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  • Tranny jumping out of gear?

    Original Thread:
    https://www.vintagefordforum.com/for...ng-out-of-gear



    First the FW housing must be properly dialed in. This has been discussed many times, and there is a section in tech which explains this. Your gears need to be good gears. You can try good original gears if you can find them.
    Usually, most of the internal tranny parts are so worn that everything needs to be replaced anyway. Use only the gears made by the Mark company, which is what most of the suppliers have.

    So, with Miles' restored slant, I had dialed in the FW housing myself and did a total overhaul of the tranny (new bearings, new sliders, new cluster, etc etc); so I felt confident this work had been properly done.

    Well, so it jumps out of 3rd going downhill ! Now that is not nice.
    I borrowed a known 'good' tower and swapped it out, and same thing!

    I decided it was time to take a VERY close look at the tower. Hmmmm, it was not as good as I thought.
    Third has such a small amount of throw that you need to be sure the parts in the tower are TIGHT, ie, it needs to be ALL THE WAY in gear, else it will jump out.

    You need to wiggle everything around and check for wear points.
    What I found:
    1. the 1/2 " ball at the end of the shifter was good. If not, this can be welded and ground down
    2. the 2-3 shift rail had wear at the notches.
    3. the 2-3 shift fork was worn where the ball engages
    4. The split rivet holding the fork to the rail was sloppy
    5. The detent seemed weak

    So, I installed a new shift rail, new fork, had bought new plungers, but honestly, the old ones fit the notches better, so I stayed with them. I had bought a new detent spring, but the old one seemed stronger, so I used that, and added a 1/4" ball bearing to stiffen things up more. I used a split pin instead of the rivet, the suppliers have them, I felt it was a tighter install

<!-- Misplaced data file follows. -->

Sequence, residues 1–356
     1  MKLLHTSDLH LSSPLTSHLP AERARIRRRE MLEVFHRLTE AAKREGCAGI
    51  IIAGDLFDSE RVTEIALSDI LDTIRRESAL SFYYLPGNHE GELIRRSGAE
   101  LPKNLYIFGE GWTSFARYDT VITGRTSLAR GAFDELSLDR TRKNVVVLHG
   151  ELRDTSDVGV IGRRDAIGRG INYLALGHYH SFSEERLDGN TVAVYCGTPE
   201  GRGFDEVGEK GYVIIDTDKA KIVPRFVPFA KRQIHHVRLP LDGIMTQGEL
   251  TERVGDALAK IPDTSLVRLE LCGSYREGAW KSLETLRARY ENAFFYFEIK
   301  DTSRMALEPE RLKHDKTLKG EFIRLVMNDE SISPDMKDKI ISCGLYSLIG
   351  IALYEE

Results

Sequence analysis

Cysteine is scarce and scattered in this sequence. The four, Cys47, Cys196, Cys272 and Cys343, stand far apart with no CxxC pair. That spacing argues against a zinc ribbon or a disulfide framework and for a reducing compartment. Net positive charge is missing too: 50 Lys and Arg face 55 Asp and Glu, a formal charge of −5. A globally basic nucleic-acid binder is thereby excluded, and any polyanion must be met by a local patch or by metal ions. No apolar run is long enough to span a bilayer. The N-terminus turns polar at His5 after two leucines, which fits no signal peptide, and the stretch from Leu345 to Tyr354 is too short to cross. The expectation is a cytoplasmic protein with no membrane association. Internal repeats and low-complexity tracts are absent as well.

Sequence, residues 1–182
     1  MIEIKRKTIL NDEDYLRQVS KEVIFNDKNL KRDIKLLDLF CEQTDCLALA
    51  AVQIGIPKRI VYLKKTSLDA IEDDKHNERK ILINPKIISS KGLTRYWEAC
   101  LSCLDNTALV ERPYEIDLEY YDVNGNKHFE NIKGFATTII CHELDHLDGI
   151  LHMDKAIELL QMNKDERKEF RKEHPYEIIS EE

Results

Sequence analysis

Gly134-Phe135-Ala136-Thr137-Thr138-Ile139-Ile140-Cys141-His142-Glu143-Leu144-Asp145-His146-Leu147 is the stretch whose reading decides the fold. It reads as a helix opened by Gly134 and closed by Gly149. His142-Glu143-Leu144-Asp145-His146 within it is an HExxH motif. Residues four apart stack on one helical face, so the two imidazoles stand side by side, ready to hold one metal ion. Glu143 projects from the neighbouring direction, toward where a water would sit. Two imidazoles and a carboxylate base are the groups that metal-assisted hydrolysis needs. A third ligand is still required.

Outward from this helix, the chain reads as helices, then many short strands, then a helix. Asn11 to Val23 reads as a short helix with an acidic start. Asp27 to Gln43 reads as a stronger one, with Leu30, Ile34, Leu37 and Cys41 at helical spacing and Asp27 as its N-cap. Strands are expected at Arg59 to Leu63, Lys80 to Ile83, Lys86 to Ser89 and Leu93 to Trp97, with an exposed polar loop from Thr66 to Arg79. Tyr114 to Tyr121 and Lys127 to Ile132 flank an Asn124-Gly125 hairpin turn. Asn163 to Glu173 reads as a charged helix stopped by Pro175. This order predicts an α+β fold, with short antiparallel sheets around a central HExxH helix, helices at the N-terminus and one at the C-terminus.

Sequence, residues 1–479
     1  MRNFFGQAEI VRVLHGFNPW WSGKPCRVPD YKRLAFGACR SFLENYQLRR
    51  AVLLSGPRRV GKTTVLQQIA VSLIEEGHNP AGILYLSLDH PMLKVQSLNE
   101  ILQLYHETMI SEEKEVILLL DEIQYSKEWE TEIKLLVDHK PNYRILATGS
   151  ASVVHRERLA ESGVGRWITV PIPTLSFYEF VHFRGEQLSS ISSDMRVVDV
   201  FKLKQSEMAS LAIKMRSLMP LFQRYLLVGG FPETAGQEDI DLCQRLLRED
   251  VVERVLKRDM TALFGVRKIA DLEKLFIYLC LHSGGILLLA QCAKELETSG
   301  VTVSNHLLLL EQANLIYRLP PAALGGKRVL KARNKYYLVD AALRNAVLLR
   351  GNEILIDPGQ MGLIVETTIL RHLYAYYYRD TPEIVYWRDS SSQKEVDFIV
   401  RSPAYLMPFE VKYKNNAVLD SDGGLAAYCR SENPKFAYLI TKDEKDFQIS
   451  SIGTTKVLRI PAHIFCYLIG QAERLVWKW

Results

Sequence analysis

Test drive: revealed the problem was solved.

    Ride safe out there

  • #2
    Sometimes even the smallest thing can contribute to a bigger problem, at least he is in good hands.

    Comment


    • #3
      A lot of wear on the 2nd-3rd shift fork is caused by driving with your hand resting on the shifter.
      http://jmodela.coffeecup.com

      Comment


      • BNCHIEF
        BNCHIEF commented
        Editing a comment
        Good point and a habit I have from driving semi's with 13 speeds and air 4x4s, first truck I learned to drive was a triplex b model mack with a 5,4 and 3 60 forward gears. It was an oilfield truck west coast tandem for hauling base and drawworks on oil drilling rigs. My dad taught me when I was 14.

    • #4
      Ah semi's. I never used a clutch unless from a stop taking off or coming to a stop. People that have never driven a truck just shake their head not understanding why. After I finished rebuilding mine I had 90% of the people ask me why I didn't spend the money on a Mitchell or later syncro trans. Sometimes I just like things the way they were. In a Model A, lots of times those original parts fit and feel better than reproduction as I found out a couple months ago when I rebuilt my original trans. A lot of better original better parts I found were from swap meets. I have parts from 3 different shift towers in mine, and some parts I welded up with my TIG for a better fit. I was going to only replace everything that was for third gear and run the marginal gears for first and second, but changed my mind and and replaced near everything except reverse and tailshaft. The shafts for reverse idler and countershaft with an oring were touchy getting in without slicing the orings, but massaging them while slowly tapping with a BluePoint 2 oz. got them in. It sure is nice to finally see a dry transmission.

      Comment


      • Mitch
        Mitch commented
        Editing a comment
        I usually just chamfer the edge a tad with a rat tail

      • BNCHIEF
        BNCHIEF commented
        Editing a comment